5. erik July 5, 2011 / 5:53 am

    The KJB was known as THE Bible. It was revered as the perfect and complete Word of God for nearly 300 years. When Westcott-Hort decided to translate and give us a “new” bible, the KJB was then changed from the bible to the King James Version, giving the appearance that it was just another version. However, none the Modern Versions with the exception of the NKJV come from the TR or Majority Text, But from what has been proven to be the corrupt Eastern Greek Text, the Alexandrian stream. This stream is polluted. This is not even debatable, but proven fact.None of these Modern Versions agree with each other. So which one is correct? Which one is God’s preserved text?

    The KJB was the last English translation not of this corrupt stream of the Vaticanus and Siniaticus, etc, These 2 oldest codex were hidden away or tossed out for hundreds of years and were altered so many times that they are useless.. Did you ever ask yourself why?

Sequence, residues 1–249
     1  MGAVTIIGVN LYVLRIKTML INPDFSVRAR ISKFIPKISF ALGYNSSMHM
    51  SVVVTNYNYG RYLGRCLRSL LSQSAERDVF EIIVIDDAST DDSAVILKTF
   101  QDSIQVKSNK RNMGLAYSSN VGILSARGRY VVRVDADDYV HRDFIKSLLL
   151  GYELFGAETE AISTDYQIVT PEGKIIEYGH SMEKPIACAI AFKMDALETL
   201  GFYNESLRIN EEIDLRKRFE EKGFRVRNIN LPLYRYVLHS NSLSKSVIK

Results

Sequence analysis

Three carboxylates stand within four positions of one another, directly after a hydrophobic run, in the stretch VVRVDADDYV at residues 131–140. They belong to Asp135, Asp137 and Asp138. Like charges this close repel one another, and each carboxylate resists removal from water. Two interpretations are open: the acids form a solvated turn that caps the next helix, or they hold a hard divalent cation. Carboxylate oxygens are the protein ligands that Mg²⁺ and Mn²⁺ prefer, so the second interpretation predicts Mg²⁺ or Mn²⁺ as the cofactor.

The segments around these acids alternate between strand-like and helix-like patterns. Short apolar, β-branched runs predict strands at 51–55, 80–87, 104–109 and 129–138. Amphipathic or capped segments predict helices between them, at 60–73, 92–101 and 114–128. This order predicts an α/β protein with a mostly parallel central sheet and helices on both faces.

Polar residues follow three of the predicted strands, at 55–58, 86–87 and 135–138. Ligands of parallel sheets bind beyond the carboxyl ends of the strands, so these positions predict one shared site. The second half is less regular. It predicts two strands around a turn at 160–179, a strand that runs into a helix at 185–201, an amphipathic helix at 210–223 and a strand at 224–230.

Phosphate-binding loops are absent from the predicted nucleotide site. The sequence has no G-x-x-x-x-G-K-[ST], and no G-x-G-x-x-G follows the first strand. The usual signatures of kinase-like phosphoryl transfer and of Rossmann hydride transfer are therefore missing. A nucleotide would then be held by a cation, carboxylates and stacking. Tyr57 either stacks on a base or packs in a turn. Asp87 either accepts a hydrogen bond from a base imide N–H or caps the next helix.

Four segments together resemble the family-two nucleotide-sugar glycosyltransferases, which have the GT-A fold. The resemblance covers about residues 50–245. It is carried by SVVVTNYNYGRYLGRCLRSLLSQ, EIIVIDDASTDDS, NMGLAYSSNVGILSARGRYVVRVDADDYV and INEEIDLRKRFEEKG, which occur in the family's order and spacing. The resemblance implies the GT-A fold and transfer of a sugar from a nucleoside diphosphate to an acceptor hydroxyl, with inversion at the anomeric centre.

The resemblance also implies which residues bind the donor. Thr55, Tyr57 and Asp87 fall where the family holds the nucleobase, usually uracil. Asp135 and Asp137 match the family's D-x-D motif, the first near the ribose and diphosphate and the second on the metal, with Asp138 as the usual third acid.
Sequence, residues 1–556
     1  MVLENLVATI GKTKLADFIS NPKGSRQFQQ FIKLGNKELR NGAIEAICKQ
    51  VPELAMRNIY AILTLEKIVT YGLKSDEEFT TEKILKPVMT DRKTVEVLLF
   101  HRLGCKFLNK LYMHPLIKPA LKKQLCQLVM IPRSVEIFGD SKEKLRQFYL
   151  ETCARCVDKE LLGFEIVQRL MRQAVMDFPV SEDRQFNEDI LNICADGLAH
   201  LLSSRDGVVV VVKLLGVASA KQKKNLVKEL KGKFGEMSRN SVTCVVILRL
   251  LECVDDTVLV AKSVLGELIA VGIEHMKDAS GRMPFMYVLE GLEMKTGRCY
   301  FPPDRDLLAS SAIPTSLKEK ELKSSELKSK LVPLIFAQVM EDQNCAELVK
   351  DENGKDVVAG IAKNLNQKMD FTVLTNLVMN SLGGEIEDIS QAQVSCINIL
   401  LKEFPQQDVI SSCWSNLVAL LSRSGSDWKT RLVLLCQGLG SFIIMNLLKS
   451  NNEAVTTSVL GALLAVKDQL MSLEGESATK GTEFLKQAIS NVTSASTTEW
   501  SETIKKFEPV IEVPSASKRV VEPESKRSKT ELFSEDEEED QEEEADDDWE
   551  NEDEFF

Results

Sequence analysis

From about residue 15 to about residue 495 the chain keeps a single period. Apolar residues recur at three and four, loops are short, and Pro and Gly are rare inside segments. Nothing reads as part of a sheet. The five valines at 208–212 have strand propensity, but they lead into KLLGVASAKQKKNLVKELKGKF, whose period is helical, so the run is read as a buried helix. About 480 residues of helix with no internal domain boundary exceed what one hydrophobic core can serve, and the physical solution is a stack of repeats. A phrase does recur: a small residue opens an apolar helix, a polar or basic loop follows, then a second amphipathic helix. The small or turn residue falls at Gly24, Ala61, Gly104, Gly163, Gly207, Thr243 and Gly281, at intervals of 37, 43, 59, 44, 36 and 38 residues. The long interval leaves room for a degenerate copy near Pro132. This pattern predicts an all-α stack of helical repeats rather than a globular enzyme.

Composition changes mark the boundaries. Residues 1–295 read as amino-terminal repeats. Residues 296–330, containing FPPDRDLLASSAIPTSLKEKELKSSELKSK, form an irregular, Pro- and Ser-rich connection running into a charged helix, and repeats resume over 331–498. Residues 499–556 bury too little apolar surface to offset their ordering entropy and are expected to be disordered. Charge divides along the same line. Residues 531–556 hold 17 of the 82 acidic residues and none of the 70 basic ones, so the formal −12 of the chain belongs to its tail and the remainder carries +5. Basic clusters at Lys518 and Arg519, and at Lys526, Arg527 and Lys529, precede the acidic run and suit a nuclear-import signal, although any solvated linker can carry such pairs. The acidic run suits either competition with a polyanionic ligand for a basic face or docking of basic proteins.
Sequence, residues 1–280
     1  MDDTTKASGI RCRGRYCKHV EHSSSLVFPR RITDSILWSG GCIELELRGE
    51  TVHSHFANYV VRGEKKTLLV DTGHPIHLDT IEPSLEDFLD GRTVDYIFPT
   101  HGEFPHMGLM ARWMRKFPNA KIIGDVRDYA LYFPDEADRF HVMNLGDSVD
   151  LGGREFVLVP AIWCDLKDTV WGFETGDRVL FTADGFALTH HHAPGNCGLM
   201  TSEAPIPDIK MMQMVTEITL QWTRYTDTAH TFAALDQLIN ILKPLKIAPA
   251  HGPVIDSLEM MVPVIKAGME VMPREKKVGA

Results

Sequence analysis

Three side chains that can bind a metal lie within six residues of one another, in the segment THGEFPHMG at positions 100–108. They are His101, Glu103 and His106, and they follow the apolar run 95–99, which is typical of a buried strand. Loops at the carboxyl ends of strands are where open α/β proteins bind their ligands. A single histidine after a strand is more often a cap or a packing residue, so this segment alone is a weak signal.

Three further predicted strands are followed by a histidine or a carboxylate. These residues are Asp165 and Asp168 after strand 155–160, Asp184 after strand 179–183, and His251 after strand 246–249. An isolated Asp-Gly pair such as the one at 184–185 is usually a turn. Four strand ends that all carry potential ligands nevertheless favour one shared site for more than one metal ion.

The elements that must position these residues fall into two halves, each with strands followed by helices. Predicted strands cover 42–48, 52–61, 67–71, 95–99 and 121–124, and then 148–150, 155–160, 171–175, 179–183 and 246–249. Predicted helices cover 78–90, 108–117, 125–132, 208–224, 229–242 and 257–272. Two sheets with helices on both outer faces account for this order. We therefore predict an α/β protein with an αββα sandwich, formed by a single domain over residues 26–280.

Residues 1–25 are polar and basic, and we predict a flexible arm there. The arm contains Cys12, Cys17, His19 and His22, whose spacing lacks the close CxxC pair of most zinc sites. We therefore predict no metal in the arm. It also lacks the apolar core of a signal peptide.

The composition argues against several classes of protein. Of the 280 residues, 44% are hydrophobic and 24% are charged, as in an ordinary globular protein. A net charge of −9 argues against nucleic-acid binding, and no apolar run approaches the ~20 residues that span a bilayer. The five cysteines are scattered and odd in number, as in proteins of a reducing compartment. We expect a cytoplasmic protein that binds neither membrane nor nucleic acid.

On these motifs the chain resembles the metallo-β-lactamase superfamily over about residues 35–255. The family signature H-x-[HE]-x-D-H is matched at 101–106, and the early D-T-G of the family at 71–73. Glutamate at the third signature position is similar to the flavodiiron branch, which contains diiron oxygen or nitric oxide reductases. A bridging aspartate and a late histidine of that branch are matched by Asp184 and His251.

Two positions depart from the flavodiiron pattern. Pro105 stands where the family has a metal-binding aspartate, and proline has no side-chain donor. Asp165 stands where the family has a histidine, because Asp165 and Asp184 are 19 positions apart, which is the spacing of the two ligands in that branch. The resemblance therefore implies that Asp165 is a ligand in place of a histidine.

The liberals of our modern era under the guise of scholarship use what they call “higher criticism” to discredit the Bible as being the word of God. They claim that the Bible is the mere writings of fallible men and only a collection of myths and stories pasted down through time and they deny God, and anything supernatural including the miracles, prophecies, and including the deity of Jesus Christ.

    Satan is subtle and clever and the most subtle attack has come from the modern English translations of the Bible. Under the guise of making a better or more modern and understandable English Bible, corrupt translations are being offered which distort and remove verses entire passages from God’s word. It is tragic that some many well meaning churches and Christians have allowed themselves to be deceived and are accepting these modern perverted Bibles.

    Its sad that many christians have fallen for this. Its a faith issue. They don’t believe God was telling the truth when he promised to preserve His word. Ps. 12:6,7